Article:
It has been just incredible the last few weeks to see these high profile men who have abused their power for decades popping up in headlines. After repeatedly exposing themselves in private, their behavior is now being exposed worldwide. Ha!

It is just amazing to realize that the world I live in is choosing to agree that this behavior is not cool. I cannot tell you how liberating it feels. It’s almost like receiving an unexpected gift in the mail. It just buoys my spirits!

One of the very significant undercurrents of this movement is the fact that men are also coming out and offering their stories of being objectified and used. They are sharing their histories of abuse, and choosing to open up about feelings even though it is typically culturally expected for them remain closed and stoic.

Although looking at issues in “masculine” and “patriarchal” behavior is, of course, relevant, I think it is helpful to take gender out of our language sometimes. This way we can see the “problem” from a more all-encompassing perspective.

This month for my book club I’ve been reading Women’s Bodies, Women’s Wisdom by Christiane Northrup, M.D. and I just love a shift in language she offers. Instead of just referring to “Patriarchal Societies”, she offers the phrase “Dominator Societies”.

“Most modern civilizations are characterized by the belief that the intellect is superior to emotions, the mind and spirit are superior to and entirely separate from the body, and masculinity is superior to femininity… our current worldview is only about five thousand years old. Before that, peaceful societies flourished for thousands of years. In these societies women held high positions, art flourished, and religion included worship of the Goddess.

Over time, however, societies and the gods they worshiped changed. Dominator tribes in which authority was vested in men and fathers emerged. These societies were characterized by violence, warfare, and the subjugation of the masses by a relative few who were considered “chosen” (P. 4).

I just love how she offers this word Dominator because it gets to the root of the problem. This isn’t about all men versus all women. This is about an aspect of humanity that has, like a noxious weed, grown out of control and stifled the other plants in the garden.

Although the problem of domination seems to be more pervasive from men towards women, it also happens from men to men, and from women to men.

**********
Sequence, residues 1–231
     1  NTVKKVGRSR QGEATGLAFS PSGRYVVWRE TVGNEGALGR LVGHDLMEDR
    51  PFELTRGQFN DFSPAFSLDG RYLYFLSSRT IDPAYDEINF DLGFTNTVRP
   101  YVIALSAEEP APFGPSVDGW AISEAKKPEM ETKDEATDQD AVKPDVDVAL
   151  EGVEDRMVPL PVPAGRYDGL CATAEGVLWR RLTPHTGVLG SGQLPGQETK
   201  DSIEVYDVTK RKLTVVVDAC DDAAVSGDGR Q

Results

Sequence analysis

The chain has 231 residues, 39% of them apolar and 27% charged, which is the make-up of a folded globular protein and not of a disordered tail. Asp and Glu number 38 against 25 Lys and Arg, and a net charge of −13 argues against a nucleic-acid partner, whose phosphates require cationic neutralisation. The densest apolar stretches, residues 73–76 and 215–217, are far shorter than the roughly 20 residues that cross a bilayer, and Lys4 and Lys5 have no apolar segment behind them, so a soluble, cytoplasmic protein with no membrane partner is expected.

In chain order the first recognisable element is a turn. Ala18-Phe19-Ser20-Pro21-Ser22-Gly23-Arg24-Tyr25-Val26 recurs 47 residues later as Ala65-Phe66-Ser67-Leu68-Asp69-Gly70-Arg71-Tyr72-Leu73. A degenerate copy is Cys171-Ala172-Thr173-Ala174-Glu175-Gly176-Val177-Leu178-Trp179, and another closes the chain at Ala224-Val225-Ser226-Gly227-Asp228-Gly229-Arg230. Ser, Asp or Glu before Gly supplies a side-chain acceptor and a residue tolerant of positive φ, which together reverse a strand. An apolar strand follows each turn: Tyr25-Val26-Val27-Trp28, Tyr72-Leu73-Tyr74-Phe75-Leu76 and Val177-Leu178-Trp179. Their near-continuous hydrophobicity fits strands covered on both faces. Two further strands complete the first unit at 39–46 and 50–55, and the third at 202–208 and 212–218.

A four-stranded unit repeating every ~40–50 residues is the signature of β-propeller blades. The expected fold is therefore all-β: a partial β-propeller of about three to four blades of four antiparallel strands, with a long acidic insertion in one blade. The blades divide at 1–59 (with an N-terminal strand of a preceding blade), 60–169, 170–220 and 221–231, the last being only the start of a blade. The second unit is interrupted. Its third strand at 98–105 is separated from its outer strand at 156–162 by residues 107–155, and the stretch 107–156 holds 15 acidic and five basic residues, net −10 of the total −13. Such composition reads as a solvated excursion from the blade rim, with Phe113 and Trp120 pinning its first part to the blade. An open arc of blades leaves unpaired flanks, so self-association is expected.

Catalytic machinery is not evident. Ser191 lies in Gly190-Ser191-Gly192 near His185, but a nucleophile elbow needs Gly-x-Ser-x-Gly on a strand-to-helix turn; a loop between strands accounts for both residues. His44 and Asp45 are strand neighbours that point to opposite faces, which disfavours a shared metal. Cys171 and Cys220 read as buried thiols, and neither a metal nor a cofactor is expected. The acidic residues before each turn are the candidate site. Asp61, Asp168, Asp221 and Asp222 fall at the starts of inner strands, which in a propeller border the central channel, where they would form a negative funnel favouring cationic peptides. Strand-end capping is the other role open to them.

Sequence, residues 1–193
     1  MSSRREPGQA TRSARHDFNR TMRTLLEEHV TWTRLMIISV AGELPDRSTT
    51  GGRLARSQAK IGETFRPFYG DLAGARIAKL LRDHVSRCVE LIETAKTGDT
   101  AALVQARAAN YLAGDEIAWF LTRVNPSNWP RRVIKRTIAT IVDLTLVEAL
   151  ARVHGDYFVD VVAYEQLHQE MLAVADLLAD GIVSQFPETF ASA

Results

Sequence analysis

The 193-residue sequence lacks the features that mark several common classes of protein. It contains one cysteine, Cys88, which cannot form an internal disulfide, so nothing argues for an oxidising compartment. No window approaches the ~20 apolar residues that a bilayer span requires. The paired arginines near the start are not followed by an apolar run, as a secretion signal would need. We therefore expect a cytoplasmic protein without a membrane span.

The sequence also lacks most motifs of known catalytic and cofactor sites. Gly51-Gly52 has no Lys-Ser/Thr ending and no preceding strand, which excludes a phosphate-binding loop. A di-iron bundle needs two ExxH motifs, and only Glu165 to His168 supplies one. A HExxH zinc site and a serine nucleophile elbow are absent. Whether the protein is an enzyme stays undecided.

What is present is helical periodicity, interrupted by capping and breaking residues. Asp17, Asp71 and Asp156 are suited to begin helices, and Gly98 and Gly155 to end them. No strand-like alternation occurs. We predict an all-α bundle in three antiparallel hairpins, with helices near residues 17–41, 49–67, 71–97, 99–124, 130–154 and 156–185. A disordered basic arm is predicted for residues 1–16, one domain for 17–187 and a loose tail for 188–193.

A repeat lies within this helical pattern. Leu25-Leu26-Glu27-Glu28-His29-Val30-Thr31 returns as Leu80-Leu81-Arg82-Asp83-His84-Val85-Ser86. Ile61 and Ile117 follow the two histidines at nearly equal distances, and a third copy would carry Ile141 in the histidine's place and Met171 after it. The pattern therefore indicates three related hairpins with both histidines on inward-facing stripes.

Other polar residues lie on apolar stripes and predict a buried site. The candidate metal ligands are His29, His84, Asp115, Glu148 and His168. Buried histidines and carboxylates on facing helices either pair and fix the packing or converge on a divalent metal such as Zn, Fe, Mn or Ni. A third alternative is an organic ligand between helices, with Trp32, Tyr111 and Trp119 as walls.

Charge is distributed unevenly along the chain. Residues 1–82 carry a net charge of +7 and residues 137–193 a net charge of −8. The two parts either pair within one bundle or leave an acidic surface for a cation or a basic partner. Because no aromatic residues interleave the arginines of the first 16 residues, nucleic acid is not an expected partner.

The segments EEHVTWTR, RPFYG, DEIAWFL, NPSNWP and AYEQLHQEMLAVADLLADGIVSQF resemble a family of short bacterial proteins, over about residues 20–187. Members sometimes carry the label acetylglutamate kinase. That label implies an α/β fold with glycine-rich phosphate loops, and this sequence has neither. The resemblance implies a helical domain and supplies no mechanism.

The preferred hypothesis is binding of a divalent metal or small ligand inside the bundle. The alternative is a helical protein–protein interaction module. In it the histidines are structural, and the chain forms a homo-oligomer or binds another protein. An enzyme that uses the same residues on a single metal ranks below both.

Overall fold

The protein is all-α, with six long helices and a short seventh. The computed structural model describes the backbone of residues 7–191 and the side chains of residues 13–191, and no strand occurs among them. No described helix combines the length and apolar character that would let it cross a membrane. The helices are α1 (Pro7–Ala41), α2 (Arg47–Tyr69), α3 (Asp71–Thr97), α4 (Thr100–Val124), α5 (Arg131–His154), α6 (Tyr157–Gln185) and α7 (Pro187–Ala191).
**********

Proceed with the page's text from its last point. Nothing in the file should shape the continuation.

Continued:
I am a deep believer that in order to transform society, we must be willing to examine and transform every broken aspect of it that lives inside ourselves. Each of us contains both the dominator and the dominated. Each of us contains the archetypal “masculine” and “feminine” – in their most positive and negative potential.

When we repeatedly blame “men”, we shortchange ourselves a wider view of the problem… which is an entitled dominator energy that we have collectively agreed to not intercept for millennia.

Essentially, this is not about men and women, this is about human rights. What is coming forward is a collective outcry that says each of us is entitled to a healthy boundary around our physical bodies. Each of us has the right to personal and emotional safety. And we are now ready to step up and burn down the archetype of the dominator to protect those rights.

How exciting.


Photo: Ryan Tang from UnSplash

*I’m @arielkiley on Instagram

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2 thoughts on “The Problem is Not “Men” but “Dominators”

  1. Bravo, Ariel. Right now it seems like the dominators are mostly men — and they are, because men hold more positions of power and can dominate those who don’t, who are mostly men. This is human rights — exactly.

    1. Oops, correction. “can dominate those who don’t hold positions of power, who are mostly women.” Thinking of Kevin Spacey and of cults where men dominate other men sexually.

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